Questions tagged [neuroscience]

The study of the structure and function of the nervous system and its components.

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Thought of Survival [closed]

Why is all the life focused towards survival and reproduction?
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Looking for source: Biologic reactions of people saying “no”

Searching for this topic is incredibly tedious because the word "no" is the main point of interest and I always end up on sites saying how "saying no is good for your health" but I ...
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Are humans more adapted to “light mode” or “dark mode”?

I was discussing with a colleague about using dark-mode vs. light mode and remembered an article arguing that humans vision is more adapted to light-mode rather than dark-mode: I know that the trend “...
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Why is the ratio between action potential and threshold value called the 'safety factor'?

"All­or­Nothing Principle. Once an action potential has been elicited at any point on the membrane of a normal fiber, the depolarization process travels over the entire membrane if conditions are ...
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Are 2 eyes necessary for 3D vision?

To start off: I'm not a biology student, but a computer science major It has always been my understanding that humans have 2 eyes so that we can have 3D vision: the left eye see more of the left side ...
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In theory, would it be possible to genetically engineer an adult to experience more pleasure or (physical) pain?

(Not sure if this is too close to be acceptable, but this is similar to a question I asked in the neuroscience/psychology stack exchange, but with a focus on the genetic aspect. Might be best to check ...
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Has anyone tried using functional near-infrared spectropathy to quantitively measure sodium concentrations in the brain?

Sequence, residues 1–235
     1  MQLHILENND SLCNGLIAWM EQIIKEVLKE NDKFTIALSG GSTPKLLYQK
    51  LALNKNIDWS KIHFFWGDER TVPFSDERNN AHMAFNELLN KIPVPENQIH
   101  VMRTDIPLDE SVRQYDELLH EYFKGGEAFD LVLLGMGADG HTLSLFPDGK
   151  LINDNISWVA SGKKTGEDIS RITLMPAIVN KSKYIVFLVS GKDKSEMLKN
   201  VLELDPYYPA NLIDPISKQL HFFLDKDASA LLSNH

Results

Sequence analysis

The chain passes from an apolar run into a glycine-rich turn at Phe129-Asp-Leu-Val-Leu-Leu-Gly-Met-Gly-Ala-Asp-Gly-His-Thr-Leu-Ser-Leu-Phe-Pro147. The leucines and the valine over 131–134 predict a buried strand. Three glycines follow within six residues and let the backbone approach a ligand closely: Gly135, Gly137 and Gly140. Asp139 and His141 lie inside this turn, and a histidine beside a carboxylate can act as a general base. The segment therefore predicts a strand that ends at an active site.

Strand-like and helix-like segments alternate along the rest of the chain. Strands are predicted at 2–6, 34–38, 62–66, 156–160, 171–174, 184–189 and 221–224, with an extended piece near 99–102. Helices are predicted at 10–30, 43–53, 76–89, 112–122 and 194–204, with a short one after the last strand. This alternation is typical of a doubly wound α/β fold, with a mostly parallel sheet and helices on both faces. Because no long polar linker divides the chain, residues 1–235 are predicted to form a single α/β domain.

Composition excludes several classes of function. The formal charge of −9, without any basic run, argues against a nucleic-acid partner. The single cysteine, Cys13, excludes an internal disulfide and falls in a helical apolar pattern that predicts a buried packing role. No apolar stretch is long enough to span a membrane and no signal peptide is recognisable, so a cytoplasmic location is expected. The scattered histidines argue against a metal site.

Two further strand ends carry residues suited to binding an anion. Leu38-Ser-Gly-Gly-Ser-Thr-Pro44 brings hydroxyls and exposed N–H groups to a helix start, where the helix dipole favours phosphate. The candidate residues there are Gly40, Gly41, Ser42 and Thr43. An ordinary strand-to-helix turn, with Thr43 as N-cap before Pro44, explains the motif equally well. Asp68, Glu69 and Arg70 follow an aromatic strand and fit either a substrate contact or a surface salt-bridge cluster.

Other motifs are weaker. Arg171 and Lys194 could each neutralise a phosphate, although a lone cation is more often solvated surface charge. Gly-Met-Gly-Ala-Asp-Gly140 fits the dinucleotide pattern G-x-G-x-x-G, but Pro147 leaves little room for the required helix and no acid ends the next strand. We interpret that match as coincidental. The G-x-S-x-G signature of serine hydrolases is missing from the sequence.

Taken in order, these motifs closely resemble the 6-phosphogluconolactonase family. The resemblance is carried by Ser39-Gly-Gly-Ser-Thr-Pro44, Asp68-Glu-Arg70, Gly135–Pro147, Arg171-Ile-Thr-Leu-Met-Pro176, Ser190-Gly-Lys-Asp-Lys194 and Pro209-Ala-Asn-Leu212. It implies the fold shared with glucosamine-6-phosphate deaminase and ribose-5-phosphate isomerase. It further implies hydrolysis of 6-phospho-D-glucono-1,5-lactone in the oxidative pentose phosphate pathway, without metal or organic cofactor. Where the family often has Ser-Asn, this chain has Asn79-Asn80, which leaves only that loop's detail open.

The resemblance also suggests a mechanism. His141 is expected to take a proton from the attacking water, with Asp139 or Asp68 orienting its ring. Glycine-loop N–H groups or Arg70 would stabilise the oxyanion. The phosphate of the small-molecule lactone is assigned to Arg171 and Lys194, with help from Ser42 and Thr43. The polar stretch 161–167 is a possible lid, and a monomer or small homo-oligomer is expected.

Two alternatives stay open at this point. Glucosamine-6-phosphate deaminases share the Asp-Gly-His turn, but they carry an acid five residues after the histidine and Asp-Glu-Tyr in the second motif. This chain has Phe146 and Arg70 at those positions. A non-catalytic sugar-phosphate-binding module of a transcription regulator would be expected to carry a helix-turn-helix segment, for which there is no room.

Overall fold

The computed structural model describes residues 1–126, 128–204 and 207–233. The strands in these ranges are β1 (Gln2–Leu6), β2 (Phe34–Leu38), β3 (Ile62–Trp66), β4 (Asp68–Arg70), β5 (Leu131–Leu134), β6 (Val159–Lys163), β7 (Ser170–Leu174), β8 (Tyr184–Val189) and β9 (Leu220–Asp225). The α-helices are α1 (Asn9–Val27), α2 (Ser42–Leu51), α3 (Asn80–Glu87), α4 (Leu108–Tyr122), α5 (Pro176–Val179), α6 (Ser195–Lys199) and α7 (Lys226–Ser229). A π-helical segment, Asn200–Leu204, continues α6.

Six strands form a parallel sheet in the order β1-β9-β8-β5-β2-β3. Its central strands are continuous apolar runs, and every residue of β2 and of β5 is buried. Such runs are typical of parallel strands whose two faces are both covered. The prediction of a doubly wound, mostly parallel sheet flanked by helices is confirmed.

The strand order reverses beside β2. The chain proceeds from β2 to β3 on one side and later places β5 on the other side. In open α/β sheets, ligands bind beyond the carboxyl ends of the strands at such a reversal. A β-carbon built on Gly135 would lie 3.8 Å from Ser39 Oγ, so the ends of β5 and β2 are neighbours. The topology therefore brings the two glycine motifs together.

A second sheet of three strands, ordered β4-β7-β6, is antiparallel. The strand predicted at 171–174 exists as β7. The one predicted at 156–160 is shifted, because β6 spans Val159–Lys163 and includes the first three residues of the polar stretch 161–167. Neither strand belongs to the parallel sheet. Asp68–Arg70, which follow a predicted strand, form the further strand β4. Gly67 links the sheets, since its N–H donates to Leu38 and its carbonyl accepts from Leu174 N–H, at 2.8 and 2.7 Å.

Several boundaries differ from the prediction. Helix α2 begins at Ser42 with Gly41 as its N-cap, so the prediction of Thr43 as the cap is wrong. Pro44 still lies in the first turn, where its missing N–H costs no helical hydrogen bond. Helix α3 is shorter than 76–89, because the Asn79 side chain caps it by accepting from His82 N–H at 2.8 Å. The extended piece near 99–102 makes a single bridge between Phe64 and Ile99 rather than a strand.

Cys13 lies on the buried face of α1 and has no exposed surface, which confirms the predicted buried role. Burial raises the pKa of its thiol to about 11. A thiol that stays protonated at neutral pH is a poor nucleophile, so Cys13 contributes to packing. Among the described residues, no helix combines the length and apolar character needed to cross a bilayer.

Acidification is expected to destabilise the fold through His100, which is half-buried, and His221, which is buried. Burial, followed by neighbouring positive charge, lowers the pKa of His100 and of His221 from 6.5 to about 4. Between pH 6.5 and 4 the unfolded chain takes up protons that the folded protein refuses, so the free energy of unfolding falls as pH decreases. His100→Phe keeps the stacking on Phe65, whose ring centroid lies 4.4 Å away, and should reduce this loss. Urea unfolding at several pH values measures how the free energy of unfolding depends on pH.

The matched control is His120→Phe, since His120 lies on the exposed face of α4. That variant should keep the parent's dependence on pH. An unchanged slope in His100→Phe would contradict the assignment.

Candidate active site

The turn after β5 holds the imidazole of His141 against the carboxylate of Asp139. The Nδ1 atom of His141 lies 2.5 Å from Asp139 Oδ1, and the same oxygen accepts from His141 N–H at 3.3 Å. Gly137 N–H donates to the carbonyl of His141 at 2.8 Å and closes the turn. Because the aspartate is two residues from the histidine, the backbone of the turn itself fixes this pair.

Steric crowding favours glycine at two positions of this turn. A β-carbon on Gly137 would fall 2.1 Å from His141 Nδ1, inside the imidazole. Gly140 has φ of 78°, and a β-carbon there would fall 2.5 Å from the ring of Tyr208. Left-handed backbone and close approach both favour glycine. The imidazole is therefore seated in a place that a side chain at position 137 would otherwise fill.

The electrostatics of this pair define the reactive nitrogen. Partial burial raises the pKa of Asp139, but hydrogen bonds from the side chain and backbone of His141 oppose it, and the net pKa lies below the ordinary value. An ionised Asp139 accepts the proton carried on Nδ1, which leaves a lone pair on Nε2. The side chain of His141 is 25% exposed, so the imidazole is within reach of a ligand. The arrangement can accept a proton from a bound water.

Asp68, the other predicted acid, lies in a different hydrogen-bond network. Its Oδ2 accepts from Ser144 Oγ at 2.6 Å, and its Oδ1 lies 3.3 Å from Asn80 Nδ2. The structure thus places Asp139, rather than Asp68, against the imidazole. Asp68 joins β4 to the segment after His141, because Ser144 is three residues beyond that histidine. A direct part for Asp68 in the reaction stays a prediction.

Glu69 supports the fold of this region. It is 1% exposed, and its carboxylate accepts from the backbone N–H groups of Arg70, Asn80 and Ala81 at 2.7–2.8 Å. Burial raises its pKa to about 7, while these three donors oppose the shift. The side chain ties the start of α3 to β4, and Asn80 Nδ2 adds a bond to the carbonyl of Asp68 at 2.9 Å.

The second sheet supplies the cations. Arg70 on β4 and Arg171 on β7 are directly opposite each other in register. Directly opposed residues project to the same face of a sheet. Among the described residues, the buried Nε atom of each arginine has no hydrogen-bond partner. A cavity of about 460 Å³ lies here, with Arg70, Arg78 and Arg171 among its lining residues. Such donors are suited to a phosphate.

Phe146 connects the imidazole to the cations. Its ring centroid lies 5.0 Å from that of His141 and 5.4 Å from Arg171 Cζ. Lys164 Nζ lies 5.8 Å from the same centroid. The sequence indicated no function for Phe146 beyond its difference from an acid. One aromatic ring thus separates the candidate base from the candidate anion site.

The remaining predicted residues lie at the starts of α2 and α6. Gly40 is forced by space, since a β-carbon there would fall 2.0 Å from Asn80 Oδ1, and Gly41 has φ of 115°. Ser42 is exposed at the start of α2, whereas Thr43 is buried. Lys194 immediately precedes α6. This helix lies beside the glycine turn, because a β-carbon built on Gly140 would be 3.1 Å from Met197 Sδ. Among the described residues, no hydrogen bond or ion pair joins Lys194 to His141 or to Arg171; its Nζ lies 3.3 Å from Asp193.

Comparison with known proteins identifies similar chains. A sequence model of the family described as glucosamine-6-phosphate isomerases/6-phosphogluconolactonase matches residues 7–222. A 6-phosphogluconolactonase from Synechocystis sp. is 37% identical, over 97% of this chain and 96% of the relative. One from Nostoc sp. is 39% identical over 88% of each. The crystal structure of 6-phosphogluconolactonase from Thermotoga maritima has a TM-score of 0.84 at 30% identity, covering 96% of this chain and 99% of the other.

Functional near-infrared spectropathy "fNIRS", is a biophysics/medical technique that uses the near-infrared part of the electromagnetic spectrum (around 680nm to 810nm in wavelength) to ...
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Distribution of hearing loss

Low-frequency sounds are more penetrating, damaging. Hearing damage caused by blasts typically occurs at frequencies around 2 - 8 kHz, while age-related hearing loss starts at the high frequencies. ...
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Can scientists “see” thought?

Touching an object activates a nerve - something that can be observed by scientists. Scientists can also trace the resulting "signal" through your nerves to your brain. They may know which ...
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What cell types comprise the median eminence and the tuber cinereum?

I have tried pretty hard to get a detailed description of what exactly the median eminence and the tuber cinereum are but to no avail. I am very familiar with their anatomical relationships (spatially)...
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Does GABA enhance or inhibit negative effects of glutamate? [closed]

A study on NCBI studied the correlation between a depressive mood and chronic pain. I researched this because today I noticed unusual emotional volatility as a result of 2 days of acute back pain ...
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Does loss of dopaminergic neurons totally eliminate voluntary muscular control?

Breathing is a function that is not only autonomic, but can also be temporarily overridden and placed under voluntary control. In fact, you are now breathing manually. Now, suppose that someone has ...
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What would happen if you “rewired” your eyes with your nose?

The nose sends sensory input through transduction of chemicals in the air via the olfactory nerves/tracts to the primary olfactory cortex. The eyes send sensory input through transduction of light via ...
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Why don't sodium Voltage Gated Channels open during Repolarization?

During Depolarization the Sodium VGC open when they receive the Threshold Stimulus. But when Repolarization occurs there comes a point when the cell interior has exactly the the same potential that it ...
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Can below-threshold potential changes of neurons convey information?

In neuroscience we learn that when the membrane potential of a neuron reaches a threshold (typically around -55mV) it "spikes": That is, it actively propagates a signal. I have two related ...
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Is the neural area TEO distinct from the inferotemporal cortex?

I am finding conflicting literature with regards to the division of the inferior temporal (IT) cortex of the brain. For some, I see that area TEO is equivalent to the posterior IT. Which would make ...
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Using coefficient of variation (CV) for GCaMP6 'synchronised episode' spikes, good idea or not?

Using GCaMP6 we have recorded fluorescence activity of kisspeptin neurons that exhibit synchronised pulsatile firing activity. I measured the intervals between each episode, which are quite variable. ...